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Species-Richness in the City

People have a natural need to spend time in the greenery. Lively green spaces in cities improve our well-being and keep our spirits alert. It is increasingly important to think about ways how the built environment and natural environment can be integrated in cities as more and more of us live in cities on a daily basis.


Replacing the overhead power lines with an underground cable will free up a 50-metre-wide area to create a new linear park on the Pollinator Highway. When planning a park, it is important to preserve and increase biodiversity. In 2019 pollinator surveys were carried out on the northern section and midsection of the Pollinator Highway. The surveys confirmed that long sections of the Pollinator Highway are already rich in biodiversity, best characterised by diverse vegetation and pollinators: butterflies, bumblebees and solitary bees. 20 species of bumblebees, 23 species of solitary bees and 32 species of butterflies were counted on the Pollinator Highway. 10 species of protected bumblebee are present in the area. But the Pollinator Highway runs through the habitats of several other protected species: reptiles and amphibians (8 species), bats (10 species) and vascular plants (18 species). 

Urban Meadow Pilot Sites

If the meadow vegetation is allowed to grow tall, oases of biodiversity will form. Extensive low-cut lawns are a beauty ideal of the past. Mowing less often is beautiful and useful: by doing so, we create habitats for both ordinary and rare species, we give expression to the area. In summer we can enjoy a variety of flowers, listen to birds singing and insects buzzing. Uncut green areas do not become unsightly in summer heat, they also require less maintenance. A green area with overgrown meadow vegetation absorbs more rainwater than an immaculately mowed lawn, reducing the load on sewers, being an example of how balanced urban nature can benefit nature, people and urban systems at the same time.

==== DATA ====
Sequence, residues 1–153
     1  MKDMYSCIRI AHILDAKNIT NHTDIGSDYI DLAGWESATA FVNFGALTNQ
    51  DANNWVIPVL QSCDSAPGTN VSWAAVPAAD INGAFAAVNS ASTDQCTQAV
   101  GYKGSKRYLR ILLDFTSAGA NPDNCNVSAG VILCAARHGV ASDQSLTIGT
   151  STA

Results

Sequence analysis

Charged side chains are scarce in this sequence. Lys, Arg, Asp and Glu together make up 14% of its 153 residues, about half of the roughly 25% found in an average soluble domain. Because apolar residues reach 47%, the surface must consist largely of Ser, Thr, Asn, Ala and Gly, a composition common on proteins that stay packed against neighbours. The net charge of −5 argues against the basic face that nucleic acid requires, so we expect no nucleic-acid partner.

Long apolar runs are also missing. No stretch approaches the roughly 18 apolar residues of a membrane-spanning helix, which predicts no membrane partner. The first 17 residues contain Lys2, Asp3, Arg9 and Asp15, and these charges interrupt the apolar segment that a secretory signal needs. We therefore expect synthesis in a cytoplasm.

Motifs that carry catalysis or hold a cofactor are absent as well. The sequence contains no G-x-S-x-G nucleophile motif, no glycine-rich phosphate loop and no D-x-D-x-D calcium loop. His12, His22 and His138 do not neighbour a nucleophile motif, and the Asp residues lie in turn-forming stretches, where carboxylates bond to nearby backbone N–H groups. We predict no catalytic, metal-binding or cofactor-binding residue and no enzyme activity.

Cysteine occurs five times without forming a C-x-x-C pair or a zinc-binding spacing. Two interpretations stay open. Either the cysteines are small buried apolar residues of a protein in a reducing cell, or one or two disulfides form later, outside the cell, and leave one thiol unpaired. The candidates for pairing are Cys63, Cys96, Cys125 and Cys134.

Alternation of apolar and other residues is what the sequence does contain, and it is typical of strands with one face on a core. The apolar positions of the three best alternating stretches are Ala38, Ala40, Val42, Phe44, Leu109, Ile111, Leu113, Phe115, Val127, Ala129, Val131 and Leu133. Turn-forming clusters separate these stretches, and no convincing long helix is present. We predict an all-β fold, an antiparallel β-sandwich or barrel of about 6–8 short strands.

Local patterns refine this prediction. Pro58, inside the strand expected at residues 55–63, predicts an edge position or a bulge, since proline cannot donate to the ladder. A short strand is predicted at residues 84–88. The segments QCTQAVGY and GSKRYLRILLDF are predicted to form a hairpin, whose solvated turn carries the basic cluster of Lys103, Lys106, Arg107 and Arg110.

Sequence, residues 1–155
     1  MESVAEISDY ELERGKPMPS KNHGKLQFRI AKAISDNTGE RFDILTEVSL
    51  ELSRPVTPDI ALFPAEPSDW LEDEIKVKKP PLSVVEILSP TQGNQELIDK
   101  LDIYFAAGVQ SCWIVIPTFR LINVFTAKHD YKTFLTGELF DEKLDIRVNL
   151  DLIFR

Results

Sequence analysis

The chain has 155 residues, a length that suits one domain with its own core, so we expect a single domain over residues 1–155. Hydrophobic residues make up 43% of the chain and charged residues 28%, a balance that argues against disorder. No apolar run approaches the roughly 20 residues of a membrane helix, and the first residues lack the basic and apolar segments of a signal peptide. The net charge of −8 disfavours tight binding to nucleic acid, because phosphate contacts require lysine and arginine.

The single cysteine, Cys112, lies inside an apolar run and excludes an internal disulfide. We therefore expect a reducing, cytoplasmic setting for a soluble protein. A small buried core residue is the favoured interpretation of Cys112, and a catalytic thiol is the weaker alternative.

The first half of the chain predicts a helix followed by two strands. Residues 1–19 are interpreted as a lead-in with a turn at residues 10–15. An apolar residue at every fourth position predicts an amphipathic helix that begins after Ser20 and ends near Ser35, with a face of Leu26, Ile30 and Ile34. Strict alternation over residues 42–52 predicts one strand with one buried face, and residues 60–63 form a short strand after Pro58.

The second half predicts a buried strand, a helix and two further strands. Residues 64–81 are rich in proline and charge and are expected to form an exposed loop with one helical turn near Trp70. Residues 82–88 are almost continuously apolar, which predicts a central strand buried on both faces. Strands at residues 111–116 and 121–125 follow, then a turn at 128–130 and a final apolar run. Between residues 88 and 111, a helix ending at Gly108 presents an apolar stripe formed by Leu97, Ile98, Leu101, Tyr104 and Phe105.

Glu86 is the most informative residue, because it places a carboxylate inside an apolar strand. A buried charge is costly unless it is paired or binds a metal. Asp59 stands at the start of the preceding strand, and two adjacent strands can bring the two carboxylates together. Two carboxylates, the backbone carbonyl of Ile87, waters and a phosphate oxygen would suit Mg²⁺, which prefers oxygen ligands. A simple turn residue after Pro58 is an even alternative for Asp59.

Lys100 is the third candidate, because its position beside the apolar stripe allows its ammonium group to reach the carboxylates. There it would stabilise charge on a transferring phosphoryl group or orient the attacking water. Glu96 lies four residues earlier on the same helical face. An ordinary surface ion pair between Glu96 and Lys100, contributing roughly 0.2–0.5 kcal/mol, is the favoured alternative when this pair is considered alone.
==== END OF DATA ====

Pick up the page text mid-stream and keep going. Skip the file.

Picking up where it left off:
During the Pollinator Highway B.Green project we will be testing various methods of creating species-rich meadows in the city. We aim to find a balance between benefiting urban nature and providing people with an enjoyable environment.

If you have ideas or suggestions how a species-rich city should look like; also if you wish to participate in cultivating urban meadows, please contact us!

Our vision of a species-rich urban meadov in 105c Ehitajate road


Urban Meadow pilot site in 105c Ehitajate road today

Väike-Õismäe Flower Meadow

The flower meadow of Putukaväila is located in Väike-Õismäe, on the real estate of Ehitajate tee 105c.  We sowed the seeds of focus plants in yellow tones and the seeds of flowering plants in cold tones beyond the walkway by the walkways passing through the property. The focus plants of the flower meadow are divided into three groups according to colors and species. These are the combinations of the field blueberry-bell in the cold blue-white tones and the ryegrass-beech and the golden-bell-globe in the warm tones. The seeds of background plants have been collected from the meadow of Pärnu County as a mixed seed consisting of 20 plant species. Thus, all the designed areas consist of the same background plants, but the focus is on different prominent blooms at different times of the summer.


For example, in a combination of cool-toned field terns, a common tortoise with a dark blue flower begins to bloom in mid-June; In addition, they are accompanied by smaller flowers throughout the meadow. The appearance of the flower meadow changes during the summer and new accent plants and patterns become more and more attractive.


In autumn, the meadow is mowed, hay is picked up and removed. Removing hay is important so that next year the smaller plant species will have more light and space to grow again. Under the backward layer, they would disappear in the dark and lack space to grow, leaving fewer plant species in the area and less biodiversity.

An Overview of Work in Progress:

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